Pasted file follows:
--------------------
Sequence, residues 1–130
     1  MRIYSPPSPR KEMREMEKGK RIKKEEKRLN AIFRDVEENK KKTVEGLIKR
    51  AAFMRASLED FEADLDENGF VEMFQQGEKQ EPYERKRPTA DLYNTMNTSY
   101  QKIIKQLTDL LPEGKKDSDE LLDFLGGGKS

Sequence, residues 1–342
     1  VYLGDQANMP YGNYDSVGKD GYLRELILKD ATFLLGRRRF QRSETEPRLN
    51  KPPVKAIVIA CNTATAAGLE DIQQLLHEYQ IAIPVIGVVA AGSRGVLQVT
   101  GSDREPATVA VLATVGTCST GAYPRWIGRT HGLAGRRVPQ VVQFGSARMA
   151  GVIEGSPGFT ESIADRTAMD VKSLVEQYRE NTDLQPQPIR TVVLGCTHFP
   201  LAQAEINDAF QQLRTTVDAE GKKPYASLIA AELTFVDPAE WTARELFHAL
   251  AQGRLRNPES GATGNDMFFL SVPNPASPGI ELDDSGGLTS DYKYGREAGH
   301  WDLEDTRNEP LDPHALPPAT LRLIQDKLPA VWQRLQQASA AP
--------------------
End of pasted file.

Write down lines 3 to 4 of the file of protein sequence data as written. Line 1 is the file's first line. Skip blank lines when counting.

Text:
    51  AAFMRASLED FEADLDENGF VEMFQQGEKQ EPYERKRPTA DLYNTMNTSY
   101  QKIIKQLTDL LPEGKKDSDE LLDFLGGGKS